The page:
EVP and CHRO Lisa Buckingham’s role expands outside of HR—and it has given her wings to fly.
By Kim Shanahan
Many HR leaders are tasked with expanding their roles beyond the basics of human resources. Lisa Buckingham, executive vice president and chief HR officer for Lincoln Financial Group, is one of those executives who is doing just that—and doing it well. She is currently responsible for HR, brand and enterprise communications, and corporate social responsibility activities for the financial services company. Headquartered in the Philadelphia region, Lincoln Financial Group is a Fortune 500 company with more than 10,000 employees. With a strong focus on four core business areas—life insurance, annuities, retirement plan services, and group protection—the business is built around supporting, preserving, and enhancing customers’ lifestyles and providing better retirement outcomes.
Recently, Buckingham shared her experiences, the value she places on her team and what she looks for in leadership, and how her expanded role has impacted her view of the HR function.
Organizations are now looking to RPO to effectively communicate their corporate reputation—and it’s working.
By Gary Bragar
Employer branding has become an integral piece to an effective talent strategy since it’s synonymous with a company’s reputation as an employer. It portrays the image of what the company is like to work for. The purpose of properly conveying and clearly communicating an employer’s brand is essential to attract, engage, develop, and retain the best talent for your organization.
Why is improving an employer’s brand so important? By properly reflecting the company’s image and what it is like to work for, higher quality talent will be attracted to the organization—and will be likely to stay. Bad hiring decisions can be attributed in part to improper alignment of potential candidates and organizational values and culture. This often results in high employee turnover.
But, if an employer’s brand is in alignment with what a candidate is seeking, employee turnover can be reduced by nearly two-thirds.
Don’t be fooled: Multi-process deals still exist. But they’ve morphed into business transformation programs.
By Jill Goldstein
The multi-process human resources outsourcing (MPHRO) industry is changing. Gone are the days of engagements purely focused on cost reduction. Today the industry is working on tailored, business-outcome focused offerings in an entirely different economic climate.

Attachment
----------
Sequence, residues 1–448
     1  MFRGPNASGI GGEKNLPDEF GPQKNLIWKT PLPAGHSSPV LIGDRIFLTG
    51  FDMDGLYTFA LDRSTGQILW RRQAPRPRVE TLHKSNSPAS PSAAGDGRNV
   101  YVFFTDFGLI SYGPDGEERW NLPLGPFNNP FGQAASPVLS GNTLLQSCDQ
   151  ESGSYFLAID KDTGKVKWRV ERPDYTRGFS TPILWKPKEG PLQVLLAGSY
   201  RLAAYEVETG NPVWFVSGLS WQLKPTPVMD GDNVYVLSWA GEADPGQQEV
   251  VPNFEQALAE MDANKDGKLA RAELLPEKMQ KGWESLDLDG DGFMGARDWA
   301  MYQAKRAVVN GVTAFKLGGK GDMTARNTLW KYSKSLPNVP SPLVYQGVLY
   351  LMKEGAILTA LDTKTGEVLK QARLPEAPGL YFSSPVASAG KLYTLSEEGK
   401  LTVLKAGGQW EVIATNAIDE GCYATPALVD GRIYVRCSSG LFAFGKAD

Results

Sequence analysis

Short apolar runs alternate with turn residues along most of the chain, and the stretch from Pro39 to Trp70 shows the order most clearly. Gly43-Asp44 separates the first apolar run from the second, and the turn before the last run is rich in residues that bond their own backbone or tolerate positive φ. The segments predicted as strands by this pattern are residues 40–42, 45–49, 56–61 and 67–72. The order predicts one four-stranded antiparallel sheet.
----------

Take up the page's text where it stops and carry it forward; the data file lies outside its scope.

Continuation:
As business confidence recuperates after several tough years, spending on multi-process HR outsourcing is on the up. According to Everest Group’s Multi-Process HR Outsourcing 2014 Annual Report, between 2009 and 2012 the industry witnessed a 3 percent compound annual growth rate in both North America and Europe, the Middle East and Africa, to $1.79 billion and $1.09 billion respectively. Deal sizes increased across the board, with a significant increase in mega-deal signings. News for the future is also good: a 5 percent compound annual growth is predicted over the next two years.
By Debbie Bolla, Executive Editor
Confidence. Competition. Potential. Doing what you love.
These are a few words and phrases that made a lasting impact after my deep-dive discussion with four HR industry leaders at the HRO Today Forum this May. The quartet that joined me on stage (pictured above):
• John Wilson, Founder and CEO of WilsonHCG
• Sue Marks, CEO of Cielo
• Paul Harty, President of Seven Step RPO
• Gene Zaino, President & CEO of MBO Partners
Employee confidence levels are seemingly up, said the foursome—and forward-thinking organizations need to get in the game and take advantage of that confidence. To Wilson, competition between organizations is a signifier of an improved economy. Companies should consider how willing they are to get and keep the talent they want.
Re-Calculating the HR Equation
By Elliot H. Clark, CEO
We just held the 2014 HRO Today Forum in both North America and in Singapore. We are thrilled and gratified at the level of engagement of our audience and thankful for the opportunity to advance the practice of HR. We are also appreciative of the ongoing support of our sponsors, who are the most sophisticated HR services and technology companies in the world. Don’t miss the industry’s only global HR Forum in Edinburgh, Scotland, Nov. 11-13.
The theme for all of the HRO Today Forums is the HR Value Equation. Expressed in this form: Great HR + Great Workforce = Great Business Outcomes
It is an intuitive expression. If you have a great workforce this is due to better workforce policies. Your great workforce will produce better products, give better services, and achieve better business outcomes.